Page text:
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In harmony with your horse

This article first appeared in a previous issue of Equestrian Life magazine. To see what's in our latest, free digital issue, click here.

Charlotte Dujardin and Valegro - © Franz Venhaus

Harmony between horse and rider creates unity in movement.

© Franz Venhaus


No, this isn’t about singing with your horse. Being in tune not only refers to melody, of course, it also means concord or agreement, harmony. It is part of the art of horsemanship.


IT IS INTERESTING that the right (non-dominant) hemisphere of our brains that is involved in musicality and other artistic endeavours is also involved with the process of being in tune, or empathic. As horse riders and trainers, we all enjoy our relationship with the horse, we value the idea of harmony. Over the past few decades much has been written about herd behaviour in horses. This has been the basis for thinking about the horse/human relationship as if the human is a part of the herd. The human should be the leader of the herd when we think about the relationship in this way. Of course, we wouldn’t want a horse to be the leader as that would likely be unsafe.

I have become interested in another way of thinking about the horse/human relationship, which is informed by attachment theory. We know that all mammals depend on an attachment to their (milk-producing) mother for survival. This is the first, and therefore archetypal, relationship. I have written about this before (you can find the article in the EQ Life Archives online). I want to expand on this idea, based on what we know about attachment from the very detailed studies that have been done. In this model, the rider/trainer is more like a parent. I am sure that you can see the difference, subtle though it is, between us being the leader of the herd and being like a parent. The rider tries to foster a relationship of trust with the horse. The rider wants the horse to experience the rider as if they were bigger, stronger, wiser and kind. We use this idea with our foals to get them to learn that we are bigger and stronger in those first few days when we are for a short time stronger than the foal. We want to be wiser in so far as we want to use our judgment a bit like a foal will use his mother’s judgment. We want him to see that if we think something is safe he can treat it as safe as well. Of course, young horses do better with confident experienced riders.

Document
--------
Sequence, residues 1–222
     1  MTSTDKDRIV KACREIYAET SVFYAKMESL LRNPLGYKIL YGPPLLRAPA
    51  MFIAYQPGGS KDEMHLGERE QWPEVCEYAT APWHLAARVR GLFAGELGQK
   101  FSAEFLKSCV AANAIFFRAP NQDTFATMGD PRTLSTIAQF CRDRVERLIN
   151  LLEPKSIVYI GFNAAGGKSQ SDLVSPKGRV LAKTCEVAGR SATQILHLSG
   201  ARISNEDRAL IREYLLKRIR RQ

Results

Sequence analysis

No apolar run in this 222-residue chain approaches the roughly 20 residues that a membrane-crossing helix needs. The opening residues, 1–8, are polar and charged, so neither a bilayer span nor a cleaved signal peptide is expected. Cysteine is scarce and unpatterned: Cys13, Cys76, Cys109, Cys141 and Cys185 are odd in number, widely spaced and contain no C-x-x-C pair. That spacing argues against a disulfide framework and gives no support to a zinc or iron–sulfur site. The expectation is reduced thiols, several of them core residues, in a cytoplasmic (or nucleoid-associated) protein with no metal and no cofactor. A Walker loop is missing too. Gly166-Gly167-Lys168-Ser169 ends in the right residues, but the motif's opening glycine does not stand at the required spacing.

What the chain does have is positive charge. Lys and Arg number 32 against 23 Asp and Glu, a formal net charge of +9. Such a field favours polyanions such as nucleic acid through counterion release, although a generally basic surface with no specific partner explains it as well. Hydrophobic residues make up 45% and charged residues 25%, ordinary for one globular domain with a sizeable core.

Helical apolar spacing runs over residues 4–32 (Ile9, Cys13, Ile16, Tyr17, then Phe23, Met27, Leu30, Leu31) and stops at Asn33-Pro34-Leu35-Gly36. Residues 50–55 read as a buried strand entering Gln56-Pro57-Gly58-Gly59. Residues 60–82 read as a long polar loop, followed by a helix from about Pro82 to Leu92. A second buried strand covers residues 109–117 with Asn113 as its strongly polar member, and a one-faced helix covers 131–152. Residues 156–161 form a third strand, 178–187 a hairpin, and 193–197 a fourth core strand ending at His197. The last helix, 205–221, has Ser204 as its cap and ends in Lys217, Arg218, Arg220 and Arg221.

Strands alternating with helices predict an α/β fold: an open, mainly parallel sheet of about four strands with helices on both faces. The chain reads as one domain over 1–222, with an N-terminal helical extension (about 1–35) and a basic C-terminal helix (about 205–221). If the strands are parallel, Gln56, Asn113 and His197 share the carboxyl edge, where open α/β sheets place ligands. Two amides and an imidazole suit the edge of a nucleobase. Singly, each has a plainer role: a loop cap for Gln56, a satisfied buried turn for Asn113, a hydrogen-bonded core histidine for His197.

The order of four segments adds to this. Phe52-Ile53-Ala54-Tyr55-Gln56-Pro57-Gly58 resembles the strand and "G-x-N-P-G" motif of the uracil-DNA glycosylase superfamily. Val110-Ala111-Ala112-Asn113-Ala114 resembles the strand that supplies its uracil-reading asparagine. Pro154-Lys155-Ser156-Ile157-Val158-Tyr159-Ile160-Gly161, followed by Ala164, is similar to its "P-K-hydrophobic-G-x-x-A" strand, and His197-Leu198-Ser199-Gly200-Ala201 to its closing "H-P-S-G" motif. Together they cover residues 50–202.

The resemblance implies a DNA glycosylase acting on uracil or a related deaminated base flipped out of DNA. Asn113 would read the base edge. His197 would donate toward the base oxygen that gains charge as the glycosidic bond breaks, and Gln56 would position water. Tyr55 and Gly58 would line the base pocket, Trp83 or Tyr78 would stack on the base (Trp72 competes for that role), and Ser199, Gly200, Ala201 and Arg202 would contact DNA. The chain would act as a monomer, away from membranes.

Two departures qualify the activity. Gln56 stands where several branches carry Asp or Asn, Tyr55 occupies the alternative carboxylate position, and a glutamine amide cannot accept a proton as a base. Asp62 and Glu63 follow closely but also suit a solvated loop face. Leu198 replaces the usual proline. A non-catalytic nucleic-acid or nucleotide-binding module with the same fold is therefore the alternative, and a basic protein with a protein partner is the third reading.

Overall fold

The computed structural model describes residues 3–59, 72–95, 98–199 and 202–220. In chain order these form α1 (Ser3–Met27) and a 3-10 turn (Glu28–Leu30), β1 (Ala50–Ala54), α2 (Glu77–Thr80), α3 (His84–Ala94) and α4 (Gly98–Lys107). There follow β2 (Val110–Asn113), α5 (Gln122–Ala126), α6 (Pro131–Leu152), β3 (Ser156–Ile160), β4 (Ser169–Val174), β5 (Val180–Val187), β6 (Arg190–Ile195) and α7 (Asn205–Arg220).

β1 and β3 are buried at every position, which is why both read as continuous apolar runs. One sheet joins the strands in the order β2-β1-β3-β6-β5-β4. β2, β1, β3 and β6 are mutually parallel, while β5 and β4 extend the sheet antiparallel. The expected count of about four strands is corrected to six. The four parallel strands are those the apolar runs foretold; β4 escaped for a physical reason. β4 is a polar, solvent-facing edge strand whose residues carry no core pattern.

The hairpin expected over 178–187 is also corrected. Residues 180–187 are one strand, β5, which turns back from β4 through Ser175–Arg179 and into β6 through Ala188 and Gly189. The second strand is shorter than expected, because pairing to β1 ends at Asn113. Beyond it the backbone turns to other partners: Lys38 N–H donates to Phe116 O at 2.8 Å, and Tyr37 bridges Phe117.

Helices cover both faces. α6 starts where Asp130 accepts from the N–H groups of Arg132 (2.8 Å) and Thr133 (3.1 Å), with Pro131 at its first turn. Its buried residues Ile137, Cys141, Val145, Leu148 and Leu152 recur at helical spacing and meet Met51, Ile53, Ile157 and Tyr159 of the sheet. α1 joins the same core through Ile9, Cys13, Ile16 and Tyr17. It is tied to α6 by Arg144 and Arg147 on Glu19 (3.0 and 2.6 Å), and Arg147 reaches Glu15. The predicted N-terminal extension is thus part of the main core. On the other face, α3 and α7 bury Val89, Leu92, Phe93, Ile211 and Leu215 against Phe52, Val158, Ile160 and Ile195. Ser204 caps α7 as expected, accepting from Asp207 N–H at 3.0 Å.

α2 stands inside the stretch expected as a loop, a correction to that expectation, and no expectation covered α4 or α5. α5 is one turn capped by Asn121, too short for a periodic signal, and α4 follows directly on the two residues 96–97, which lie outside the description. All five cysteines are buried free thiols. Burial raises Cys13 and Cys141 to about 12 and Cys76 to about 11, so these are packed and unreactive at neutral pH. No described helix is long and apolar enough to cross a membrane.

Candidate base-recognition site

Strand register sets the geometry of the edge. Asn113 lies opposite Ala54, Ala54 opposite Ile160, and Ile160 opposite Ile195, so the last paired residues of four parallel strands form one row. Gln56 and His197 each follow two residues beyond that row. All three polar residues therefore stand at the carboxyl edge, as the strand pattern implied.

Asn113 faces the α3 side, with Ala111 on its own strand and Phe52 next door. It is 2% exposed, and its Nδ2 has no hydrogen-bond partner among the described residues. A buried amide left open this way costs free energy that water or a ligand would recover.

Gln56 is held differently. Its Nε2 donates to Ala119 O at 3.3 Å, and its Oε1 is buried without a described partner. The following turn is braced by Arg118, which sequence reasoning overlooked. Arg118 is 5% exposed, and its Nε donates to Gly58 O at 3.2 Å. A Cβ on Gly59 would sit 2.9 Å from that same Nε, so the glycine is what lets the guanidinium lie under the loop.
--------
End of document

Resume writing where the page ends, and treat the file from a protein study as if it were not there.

Brett Parbery and DP Weltmieser. © Roger Fitzhardinge

Brett Parbery and DP Weltmieser.

© Roger Fitzhardinge

We know from studies in attachment that when attachment is secure, the child uses the parent as a safe base to explore the world and a safe haven to return to when stress, unfamiliarity or uncertainty trigger the need for comfort. Wouldn’t it be nice if your horse showed those qualities in its  relationship with you? We can examine some of the qualities of attachment relationships that work well. You will see that although these qualities each have specific definitions there is overlap of the qualities.

Secure attachment can result when partners in a relationship are attuned to each other. Attunement is a quality of relationships where one or both members of the partnership are in tune or paying attention to the emotional and bodily states of the other.  We all hear of the horse whisperers, those talented people who are so attuned to the signals of the horse that they notice very subtle signs of the horse’s mental state.  They can respond to these signs and get horses to cooperate with signals that most of us can’t see. They can hear the whispers of the horse and whisper back, in contrast to those of us who only notice the horse shout, and shout back. Horses whisper to us with their bodies, including with their ears, which point to where their attention is and can also show us their feelings. We all know to beware of the horse with his ears pinned back, the horse shouting his aggression. Horses whisper to us with their mouths, chewing to indicate relaxation and submission. We can feel this whisper through the reins as well if we have relaxed fingers and a stable, soft contact.


Kerry Mack and Mayfield Pzazz. © Michelle Terlato

Kerry Mack and Mayfield Pzazz working in harmony.

© Michelle Terlato Photography